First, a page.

The birth of a child adds to her woes and often puts her into a state of bonded labour. If it is a girl child, her perils become multi-fold. Please click here to read my post on 4472 Missing Girls. She becomes enslaved to the household. Fear of the husband claiming custody of the child by declaring that she is unfit to take care of the child instills further fear. She is unaware of the support system that the Canadian Government provides for the single mother and for the children.
She feels helpless and powerless based on fear of losing custody of children to her husband if she leaves the abusive home, and later the fear of state intervention and apprehension of her children by Children’s Aid Society. Many Indian movies and TV debates have succeeded in implanting this fear in the immigrant woman’s mind.
Abuse and violence aimed at Indian immigrant women is a complex social problem in Canada determined by a wide range of contributory factors such as Indian culture and the immigration process. Several characteristics of Indian society, including the position of women, arranged marriage, and family arrangements, influence the risk of domestic violence. The sources of incompatibility between husband and wife in immigrant families include disparities in age and attractiveness, sexual difficulties, and differences in caste and religion. Continued existence under such conditions may well lead to tremendous psychological stress and serious mental illness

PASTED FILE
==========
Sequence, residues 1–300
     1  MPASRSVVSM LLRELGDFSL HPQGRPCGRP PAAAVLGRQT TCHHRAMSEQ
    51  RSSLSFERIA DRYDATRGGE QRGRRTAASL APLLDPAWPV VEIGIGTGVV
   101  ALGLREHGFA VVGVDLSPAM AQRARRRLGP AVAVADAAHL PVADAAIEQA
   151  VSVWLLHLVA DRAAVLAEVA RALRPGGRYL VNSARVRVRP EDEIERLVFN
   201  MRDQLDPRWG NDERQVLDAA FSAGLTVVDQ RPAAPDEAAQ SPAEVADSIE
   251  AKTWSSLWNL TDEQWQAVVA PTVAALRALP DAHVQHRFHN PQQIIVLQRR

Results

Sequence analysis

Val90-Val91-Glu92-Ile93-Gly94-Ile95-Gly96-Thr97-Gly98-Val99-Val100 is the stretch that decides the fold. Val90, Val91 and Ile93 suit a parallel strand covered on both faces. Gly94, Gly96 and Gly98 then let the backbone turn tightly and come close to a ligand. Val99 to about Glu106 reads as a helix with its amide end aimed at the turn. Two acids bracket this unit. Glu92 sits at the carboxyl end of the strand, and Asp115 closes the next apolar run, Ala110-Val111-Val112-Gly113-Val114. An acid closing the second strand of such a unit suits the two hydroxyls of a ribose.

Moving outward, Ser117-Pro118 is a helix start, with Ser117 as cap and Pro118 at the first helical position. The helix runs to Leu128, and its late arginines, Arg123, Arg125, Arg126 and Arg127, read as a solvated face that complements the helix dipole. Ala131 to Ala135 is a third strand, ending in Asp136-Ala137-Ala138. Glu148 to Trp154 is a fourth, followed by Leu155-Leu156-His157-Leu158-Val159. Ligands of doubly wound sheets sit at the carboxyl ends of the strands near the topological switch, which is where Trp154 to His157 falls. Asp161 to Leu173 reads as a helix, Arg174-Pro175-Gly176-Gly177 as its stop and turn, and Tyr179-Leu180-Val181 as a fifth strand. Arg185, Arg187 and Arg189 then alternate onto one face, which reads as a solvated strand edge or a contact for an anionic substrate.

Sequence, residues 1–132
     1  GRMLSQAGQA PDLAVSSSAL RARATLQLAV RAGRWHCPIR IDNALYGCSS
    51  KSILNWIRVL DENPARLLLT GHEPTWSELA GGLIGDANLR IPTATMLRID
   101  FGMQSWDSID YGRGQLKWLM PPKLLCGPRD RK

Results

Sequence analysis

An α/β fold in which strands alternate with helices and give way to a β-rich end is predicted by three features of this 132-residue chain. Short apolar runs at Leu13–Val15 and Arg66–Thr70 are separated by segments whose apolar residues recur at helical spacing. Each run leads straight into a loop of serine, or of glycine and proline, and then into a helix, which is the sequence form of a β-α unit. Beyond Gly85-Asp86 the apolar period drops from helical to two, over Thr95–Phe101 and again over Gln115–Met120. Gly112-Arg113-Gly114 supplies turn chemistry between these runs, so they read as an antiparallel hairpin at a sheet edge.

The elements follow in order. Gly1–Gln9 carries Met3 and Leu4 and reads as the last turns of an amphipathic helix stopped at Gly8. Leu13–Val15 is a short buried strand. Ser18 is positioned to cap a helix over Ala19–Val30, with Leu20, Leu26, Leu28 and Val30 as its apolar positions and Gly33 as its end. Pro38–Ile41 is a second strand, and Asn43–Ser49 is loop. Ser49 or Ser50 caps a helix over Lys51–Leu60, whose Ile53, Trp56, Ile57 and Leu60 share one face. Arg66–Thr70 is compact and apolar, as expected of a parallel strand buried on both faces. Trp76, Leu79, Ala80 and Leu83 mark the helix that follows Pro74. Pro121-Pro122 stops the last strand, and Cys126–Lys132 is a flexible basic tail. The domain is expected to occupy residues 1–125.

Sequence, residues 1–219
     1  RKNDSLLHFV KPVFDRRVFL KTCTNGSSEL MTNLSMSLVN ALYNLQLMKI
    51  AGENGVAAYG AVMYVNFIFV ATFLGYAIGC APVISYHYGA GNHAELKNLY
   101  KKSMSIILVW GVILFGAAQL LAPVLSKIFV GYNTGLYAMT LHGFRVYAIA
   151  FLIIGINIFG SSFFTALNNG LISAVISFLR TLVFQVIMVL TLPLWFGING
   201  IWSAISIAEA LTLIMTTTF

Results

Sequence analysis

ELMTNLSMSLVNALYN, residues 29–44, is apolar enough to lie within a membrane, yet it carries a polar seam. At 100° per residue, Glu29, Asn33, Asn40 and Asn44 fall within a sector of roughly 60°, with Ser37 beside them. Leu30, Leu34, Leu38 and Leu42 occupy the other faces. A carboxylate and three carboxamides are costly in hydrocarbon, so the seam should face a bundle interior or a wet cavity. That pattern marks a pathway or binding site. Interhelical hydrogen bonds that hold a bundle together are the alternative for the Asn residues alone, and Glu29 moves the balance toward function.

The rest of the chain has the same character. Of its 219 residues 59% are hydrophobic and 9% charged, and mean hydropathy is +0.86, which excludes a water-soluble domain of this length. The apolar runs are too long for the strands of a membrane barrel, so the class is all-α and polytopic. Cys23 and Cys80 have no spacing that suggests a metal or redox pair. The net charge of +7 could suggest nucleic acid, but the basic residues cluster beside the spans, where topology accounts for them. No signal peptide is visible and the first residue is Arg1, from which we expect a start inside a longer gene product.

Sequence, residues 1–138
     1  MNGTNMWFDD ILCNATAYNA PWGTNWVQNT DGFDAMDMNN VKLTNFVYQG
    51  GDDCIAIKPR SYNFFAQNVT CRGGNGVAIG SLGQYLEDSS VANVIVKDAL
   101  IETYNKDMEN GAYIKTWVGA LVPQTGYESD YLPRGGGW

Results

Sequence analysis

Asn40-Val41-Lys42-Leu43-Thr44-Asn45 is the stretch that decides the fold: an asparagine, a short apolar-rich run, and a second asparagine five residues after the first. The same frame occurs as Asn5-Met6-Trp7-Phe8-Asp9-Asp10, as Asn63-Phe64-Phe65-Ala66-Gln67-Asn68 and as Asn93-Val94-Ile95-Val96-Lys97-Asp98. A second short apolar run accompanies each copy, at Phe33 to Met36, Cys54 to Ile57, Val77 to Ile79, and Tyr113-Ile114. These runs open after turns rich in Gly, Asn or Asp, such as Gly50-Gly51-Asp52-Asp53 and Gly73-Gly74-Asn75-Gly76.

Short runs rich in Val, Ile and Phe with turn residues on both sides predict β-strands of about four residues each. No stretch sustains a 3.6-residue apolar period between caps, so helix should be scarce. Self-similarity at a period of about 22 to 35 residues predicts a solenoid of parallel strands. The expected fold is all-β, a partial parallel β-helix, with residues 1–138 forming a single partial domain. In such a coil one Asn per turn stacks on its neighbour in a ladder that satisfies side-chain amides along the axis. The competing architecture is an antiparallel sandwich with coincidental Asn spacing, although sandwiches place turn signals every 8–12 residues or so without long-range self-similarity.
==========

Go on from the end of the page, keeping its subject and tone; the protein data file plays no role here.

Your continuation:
So what’s the way out of this rat-trap? The only way is for the woman concerned to take the bull by its horns. She needs to be aware of all the help that she can get from the state. She should preferably be made aware of these before the immigration takes place. If not, her friends in Canada and loved ones back in India somehow need to make her aware of these. She then has no option but to develop the courage to walk out of these abusive relationships, seek the State’s help in either returning to India or finding an alternative life in Canada.
In case you are aware of someone in an abusive or toxic relationship in Canada, this webpage of the Government of Canada will be useful.
Help for spouses or partners who are victims of abuse – Canada.ca